Market View

October 26, 1999

The blue chip averages pulled back around 10% during the last few months, but the overall damage is more serious than that. Several sectors are down sharply and many high quality issues are down 30%-50% or more. Market breath is very poor and new lows literally swamp new highs almost daily. As a result, valuations in some areas now appear quite sensible. Others (like technology) remain in the twilight zone. Essentially, the sectors offering the best long-term investment value keep getting cheaper and the areas of the greatest potential excess keep getting driven higher by day-traders and other momentum based investors. This divergence is making for tough performance comparisons for many "value investors" (myself included). I guess that's why they say, "patience is a virtue".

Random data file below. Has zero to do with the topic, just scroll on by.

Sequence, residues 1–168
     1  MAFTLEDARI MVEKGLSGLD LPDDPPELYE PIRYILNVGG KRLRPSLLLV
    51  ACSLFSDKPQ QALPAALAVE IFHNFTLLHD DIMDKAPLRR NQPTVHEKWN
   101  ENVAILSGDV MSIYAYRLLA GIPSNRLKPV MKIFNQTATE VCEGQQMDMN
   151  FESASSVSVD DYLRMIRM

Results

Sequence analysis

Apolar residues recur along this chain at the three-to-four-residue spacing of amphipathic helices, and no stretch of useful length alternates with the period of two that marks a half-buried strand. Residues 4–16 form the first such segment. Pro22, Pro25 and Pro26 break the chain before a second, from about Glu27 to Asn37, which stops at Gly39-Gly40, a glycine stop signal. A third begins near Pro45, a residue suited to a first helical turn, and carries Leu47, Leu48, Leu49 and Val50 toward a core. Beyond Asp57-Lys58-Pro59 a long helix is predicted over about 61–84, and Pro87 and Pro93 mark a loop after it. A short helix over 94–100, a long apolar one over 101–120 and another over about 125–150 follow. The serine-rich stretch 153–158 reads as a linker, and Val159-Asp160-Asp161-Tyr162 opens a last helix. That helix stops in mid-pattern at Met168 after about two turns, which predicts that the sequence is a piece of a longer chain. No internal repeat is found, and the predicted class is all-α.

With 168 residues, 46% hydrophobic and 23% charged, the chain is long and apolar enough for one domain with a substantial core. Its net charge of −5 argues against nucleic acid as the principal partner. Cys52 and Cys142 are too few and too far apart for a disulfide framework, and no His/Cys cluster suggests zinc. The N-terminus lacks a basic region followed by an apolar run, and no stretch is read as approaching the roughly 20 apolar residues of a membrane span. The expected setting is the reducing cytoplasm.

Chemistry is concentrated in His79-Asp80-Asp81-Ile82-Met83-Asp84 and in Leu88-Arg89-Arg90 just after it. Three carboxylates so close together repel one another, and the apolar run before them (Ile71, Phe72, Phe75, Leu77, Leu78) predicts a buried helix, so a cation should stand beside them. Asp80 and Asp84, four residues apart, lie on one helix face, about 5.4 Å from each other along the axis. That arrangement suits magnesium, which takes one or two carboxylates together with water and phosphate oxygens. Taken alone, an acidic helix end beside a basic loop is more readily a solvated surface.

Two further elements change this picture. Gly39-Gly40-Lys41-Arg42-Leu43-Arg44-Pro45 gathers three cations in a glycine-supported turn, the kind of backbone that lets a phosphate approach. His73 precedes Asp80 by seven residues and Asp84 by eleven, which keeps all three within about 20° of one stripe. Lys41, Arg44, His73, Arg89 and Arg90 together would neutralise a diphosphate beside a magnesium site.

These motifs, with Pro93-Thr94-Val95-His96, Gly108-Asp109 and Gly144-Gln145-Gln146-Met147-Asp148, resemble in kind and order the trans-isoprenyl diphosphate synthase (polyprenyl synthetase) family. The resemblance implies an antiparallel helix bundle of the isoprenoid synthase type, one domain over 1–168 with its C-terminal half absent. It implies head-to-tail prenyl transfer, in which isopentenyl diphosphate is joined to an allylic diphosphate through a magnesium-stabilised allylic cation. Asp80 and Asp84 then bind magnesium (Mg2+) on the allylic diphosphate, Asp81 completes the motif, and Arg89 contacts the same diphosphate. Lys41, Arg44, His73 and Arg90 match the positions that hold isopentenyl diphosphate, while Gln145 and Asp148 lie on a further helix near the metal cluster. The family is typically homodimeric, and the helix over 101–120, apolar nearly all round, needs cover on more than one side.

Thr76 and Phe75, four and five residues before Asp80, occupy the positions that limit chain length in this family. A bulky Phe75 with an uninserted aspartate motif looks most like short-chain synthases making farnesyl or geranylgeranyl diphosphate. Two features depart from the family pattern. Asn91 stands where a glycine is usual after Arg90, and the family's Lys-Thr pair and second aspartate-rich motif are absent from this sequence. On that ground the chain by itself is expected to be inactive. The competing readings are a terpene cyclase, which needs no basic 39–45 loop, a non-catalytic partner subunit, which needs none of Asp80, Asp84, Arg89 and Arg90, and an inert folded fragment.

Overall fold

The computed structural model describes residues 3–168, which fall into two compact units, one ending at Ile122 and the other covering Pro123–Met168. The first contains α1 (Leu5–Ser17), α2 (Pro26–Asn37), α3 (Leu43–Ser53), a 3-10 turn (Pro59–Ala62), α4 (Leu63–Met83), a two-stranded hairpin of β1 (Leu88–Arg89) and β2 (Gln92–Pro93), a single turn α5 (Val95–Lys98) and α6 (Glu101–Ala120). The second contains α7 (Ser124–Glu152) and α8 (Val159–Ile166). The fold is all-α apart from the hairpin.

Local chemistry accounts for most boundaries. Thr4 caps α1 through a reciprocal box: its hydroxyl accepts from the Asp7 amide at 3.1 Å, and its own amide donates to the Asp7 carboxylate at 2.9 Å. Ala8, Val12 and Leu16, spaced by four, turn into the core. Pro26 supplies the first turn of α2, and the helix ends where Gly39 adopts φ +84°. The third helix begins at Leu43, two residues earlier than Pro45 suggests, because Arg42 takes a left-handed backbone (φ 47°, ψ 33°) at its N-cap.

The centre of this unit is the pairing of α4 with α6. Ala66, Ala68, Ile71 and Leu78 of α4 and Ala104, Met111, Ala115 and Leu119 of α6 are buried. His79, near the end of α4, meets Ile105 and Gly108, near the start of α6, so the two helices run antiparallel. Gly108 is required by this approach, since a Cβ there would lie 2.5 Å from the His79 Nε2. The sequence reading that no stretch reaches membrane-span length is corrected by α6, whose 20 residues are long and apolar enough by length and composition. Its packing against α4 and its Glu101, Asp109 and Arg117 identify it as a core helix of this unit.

Overall, the market is still trading at about twice its long-term average based on a variety of valuation criteria. This poses some unique questions for investors.

Should investors take advantage of the opportunities that are being presented?

Should investors exercise a greater degree of caution due to the general credit and financial excesses?

To be honest, I'm really not sure. I am reminded of a comment made recently by an investor acquaintance of mine who has one of the best investment records I have ever seen, "A tidal wave washes everything out to sea".